When asked to review Clumber Players’ latest play The Lady’s Not for Burning I thought, where have I heard that before?
Through the mists of time I had a vision of Margaret Thatcher in full flow declaring “the lady’s not for turning.”
At the time I wondered why it had gained such applause, as it seemed to be a clever quote from something I knew nothing about.
Indeed, it came from a play she herself knew nothing about and, as her speech was written by her own speech writer at the time, one Ronald Millar, the inference had to be explained to her.
It comes as no surprise then to learn that Millar was himself an actor, writer and dramatist who was obviously well aware of the play written by Christopher Fry, which was first performed in 1948.
The play which featured such actors as John Gielgud, Richard Burton and a young Claire Bloom had success in London and on tour and then transferred to the US.
Central to the play is a difficult choice the female character Jennet has to make.
Should she allow herself to be burned as a witch or make a decision she knows to be morally wrong.
She decides against the latter and sticks to her resolve.
Back in 1980 at the Conservative conference Mrs. Thatcher was also sticking to her resolve in the face of rumours of a u-turn on her tough economic policies in difficult times. (Some things never change!)
It was this reference to the play that emphasized her determination not to waver.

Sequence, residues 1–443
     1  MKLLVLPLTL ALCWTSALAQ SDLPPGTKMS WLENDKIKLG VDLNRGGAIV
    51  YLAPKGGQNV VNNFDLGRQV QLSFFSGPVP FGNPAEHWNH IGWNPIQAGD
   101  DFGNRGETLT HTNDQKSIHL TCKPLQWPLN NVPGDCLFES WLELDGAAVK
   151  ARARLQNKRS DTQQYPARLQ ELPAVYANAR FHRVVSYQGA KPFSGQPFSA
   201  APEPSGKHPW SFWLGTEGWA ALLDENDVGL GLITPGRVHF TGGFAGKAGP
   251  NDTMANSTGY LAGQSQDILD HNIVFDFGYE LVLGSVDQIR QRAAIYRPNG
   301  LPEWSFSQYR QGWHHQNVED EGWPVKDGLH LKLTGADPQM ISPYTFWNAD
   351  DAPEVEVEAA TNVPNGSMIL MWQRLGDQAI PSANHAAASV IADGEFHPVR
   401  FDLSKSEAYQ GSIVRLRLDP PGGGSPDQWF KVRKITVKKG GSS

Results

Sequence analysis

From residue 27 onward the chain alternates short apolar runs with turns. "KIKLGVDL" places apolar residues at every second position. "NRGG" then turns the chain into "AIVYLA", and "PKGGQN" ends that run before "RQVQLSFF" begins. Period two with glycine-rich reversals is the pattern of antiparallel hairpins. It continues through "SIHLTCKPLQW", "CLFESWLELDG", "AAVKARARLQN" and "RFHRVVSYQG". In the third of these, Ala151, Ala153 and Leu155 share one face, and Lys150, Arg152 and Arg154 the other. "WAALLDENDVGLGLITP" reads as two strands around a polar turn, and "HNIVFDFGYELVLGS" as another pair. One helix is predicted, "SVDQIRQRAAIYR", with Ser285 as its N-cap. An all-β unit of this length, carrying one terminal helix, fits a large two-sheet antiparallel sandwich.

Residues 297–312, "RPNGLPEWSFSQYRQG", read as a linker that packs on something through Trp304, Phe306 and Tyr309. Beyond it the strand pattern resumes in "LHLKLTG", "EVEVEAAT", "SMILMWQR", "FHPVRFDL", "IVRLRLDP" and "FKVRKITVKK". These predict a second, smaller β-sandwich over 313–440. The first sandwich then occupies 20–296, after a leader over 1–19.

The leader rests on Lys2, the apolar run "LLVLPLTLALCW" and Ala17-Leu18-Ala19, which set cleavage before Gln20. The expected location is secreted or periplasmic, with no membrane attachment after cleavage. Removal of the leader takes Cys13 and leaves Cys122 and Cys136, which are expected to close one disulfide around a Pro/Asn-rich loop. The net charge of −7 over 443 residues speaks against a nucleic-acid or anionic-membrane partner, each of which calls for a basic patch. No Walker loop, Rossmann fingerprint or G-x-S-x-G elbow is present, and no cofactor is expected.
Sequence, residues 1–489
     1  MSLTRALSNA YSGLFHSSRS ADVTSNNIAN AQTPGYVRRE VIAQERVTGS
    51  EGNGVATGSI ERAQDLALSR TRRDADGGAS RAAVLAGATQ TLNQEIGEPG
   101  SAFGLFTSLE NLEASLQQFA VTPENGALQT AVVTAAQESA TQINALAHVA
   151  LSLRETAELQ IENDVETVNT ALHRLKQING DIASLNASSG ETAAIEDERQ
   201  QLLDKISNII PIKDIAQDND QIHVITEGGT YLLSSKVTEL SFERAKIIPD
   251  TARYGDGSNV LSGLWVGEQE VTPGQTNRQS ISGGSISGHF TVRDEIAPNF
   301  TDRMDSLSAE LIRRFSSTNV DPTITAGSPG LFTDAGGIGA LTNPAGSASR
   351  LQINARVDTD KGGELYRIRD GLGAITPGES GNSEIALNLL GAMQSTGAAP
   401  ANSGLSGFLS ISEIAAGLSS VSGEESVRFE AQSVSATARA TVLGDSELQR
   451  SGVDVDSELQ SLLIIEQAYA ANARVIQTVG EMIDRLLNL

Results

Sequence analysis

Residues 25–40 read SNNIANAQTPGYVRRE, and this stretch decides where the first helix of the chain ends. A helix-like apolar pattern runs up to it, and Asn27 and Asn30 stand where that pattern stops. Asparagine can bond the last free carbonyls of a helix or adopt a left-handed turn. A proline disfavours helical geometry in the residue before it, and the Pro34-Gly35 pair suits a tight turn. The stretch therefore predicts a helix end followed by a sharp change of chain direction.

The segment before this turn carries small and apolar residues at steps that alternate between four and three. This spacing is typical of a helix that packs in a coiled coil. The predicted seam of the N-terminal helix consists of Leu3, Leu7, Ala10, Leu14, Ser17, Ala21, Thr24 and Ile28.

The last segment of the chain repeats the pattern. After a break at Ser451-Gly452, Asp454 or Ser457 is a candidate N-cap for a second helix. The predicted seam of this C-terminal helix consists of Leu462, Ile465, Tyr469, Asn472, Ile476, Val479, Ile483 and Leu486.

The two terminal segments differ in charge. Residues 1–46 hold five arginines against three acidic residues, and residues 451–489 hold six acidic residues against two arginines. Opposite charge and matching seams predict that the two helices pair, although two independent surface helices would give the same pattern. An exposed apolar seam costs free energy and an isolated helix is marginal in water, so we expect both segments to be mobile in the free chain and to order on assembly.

Clumber Players’ version of The Lady’s Not For Burning, beautifully acted by it’s members, was a visual delight.
As the play is set in the year 1400 and features just one room they went to town on the costumes which suggests that someone has a lovely eye for detail.
All the actors in this play drew their characters with extreme care and attention and with the type of detail usually seen on screen.
I felt that, had you been able to zoom in on each actor’s performance, you would have witnessed real studies in character acting.
It was akin to an old oil painting coming to life.
This play, written in a style similar to that of a Shakespearean pastoral, with a touch of comic irony, was a breath of fresh air and, yes, it was rather cool later on in the evening, but as I warmed myself under a blanket, amidst the lovely surroundings, with an appreciative audience, watching such an entertaining performance, I couldn’t think of anywhere I’d rather be.
For those wishing to tread the boards with Clumber Players please contact them via their website www.clumberplayers.org.uk